Book Image

Java Memory Management

By : Maaike van Putten, Dr. Seán Kennedy
Book Image

Java Memory Management

By: Maaike van Putten, Dr. Seán Kennedy

Overview of this book

Understanding how Java organizes memory is important for every Java professional, but this particular topic is a common knowledge gap for many software professionals. Having in-depth knowledge of memory functioning and management is incredibly useful in writing and analyzing code, as well as debugging memory problems. In fact, it can be just the knowledge you need to level up your skills and career. In this book, you’ll start by working through the basics of Java memory. After that, you’ll dive into the different segments individually. You’ll explore the stack, the heap, and the Metaspace. Next, you’ll be ready to delve into JVM standard garbage collectors. The book will also show you how to tune, monitor and profile JVM memory management. Later chapters will guide you on how to avoid and spot memory leaks. By the end of this book, you’ll have understood how Java manages memory and how to customize it for the benefit of your applications.
Table of Contents (10 chapters)

Tuning the configurations of the JVM

The settings of JVM can be adjusted. The process of adjusting the settings of JVM is called tuning. The idea of these adjustments is to boost the performance of the JVM. Once again, tuning should not be the first step in improving performance. Good code should always come first.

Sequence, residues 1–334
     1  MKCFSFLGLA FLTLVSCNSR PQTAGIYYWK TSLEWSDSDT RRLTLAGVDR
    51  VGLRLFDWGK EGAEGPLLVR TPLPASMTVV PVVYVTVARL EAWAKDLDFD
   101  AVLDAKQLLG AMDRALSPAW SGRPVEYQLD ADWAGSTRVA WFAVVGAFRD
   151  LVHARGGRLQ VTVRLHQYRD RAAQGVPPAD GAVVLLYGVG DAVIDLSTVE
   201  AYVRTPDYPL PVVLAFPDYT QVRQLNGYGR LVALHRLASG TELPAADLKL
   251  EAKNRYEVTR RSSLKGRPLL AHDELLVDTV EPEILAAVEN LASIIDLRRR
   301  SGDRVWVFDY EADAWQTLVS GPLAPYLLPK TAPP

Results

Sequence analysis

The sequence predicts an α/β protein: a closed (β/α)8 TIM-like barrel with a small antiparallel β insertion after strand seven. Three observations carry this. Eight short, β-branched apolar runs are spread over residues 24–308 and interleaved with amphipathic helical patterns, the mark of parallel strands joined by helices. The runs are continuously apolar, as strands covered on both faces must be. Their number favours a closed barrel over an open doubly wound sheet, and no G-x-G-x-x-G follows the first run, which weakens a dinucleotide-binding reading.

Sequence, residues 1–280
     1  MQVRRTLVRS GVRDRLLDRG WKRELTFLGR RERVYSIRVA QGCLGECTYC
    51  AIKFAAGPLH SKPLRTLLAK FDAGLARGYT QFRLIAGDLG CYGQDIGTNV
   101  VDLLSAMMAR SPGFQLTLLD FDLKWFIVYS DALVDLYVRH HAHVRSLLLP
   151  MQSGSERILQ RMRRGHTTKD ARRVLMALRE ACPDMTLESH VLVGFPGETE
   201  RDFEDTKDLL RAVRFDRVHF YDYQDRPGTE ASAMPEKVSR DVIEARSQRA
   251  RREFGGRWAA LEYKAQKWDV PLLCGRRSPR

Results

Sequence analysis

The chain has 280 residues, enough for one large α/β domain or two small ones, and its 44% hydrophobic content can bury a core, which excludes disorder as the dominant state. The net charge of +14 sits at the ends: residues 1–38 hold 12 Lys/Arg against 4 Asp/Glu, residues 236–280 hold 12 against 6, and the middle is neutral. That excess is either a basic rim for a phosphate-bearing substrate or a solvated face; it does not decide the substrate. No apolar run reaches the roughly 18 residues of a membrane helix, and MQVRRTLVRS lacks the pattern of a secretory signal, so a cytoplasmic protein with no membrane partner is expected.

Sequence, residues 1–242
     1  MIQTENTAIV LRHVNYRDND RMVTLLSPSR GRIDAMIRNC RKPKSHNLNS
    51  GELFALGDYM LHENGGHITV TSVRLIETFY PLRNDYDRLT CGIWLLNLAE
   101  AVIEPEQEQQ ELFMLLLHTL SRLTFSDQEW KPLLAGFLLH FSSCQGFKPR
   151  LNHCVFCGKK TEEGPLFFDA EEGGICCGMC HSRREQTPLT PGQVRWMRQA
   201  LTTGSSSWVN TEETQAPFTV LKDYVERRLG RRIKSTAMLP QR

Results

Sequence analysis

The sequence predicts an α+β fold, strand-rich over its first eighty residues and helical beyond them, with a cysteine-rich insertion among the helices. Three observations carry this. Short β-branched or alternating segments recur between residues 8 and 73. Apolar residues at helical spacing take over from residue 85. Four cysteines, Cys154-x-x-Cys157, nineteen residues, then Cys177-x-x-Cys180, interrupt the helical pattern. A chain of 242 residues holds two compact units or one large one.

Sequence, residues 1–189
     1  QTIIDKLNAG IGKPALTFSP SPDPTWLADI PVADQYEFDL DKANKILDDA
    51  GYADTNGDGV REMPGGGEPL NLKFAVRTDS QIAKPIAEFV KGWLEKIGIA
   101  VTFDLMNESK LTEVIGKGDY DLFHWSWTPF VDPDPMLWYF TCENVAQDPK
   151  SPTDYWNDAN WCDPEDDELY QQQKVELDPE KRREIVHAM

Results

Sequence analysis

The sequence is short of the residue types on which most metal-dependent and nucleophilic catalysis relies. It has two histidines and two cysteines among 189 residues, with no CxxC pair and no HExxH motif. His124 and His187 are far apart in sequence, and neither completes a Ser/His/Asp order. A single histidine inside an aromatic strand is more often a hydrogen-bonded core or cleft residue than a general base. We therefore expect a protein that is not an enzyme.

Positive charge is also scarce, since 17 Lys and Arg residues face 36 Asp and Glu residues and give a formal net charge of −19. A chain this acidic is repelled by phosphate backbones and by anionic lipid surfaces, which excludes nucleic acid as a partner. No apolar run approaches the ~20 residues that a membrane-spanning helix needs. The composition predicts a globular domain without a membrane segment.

We are going to have a look at the settings that are related to memory management: the heap size, Metaspace, and the garbage collector.

Tuning the heap size and thread stack size

The heap size can be changed. It is generally best practice to not set the heap size to more than half of what is available on the server. This could lead to performance issues, as the server will be having other processes running as well.

The default size depends on the system. This command will show the defaults on a Windows system:

java -XX:+PrintFlagsFinal -version | findstr HeapSize

This command shows the default output for a macOS system:

java -XX:+PrintFlagsFinal -version...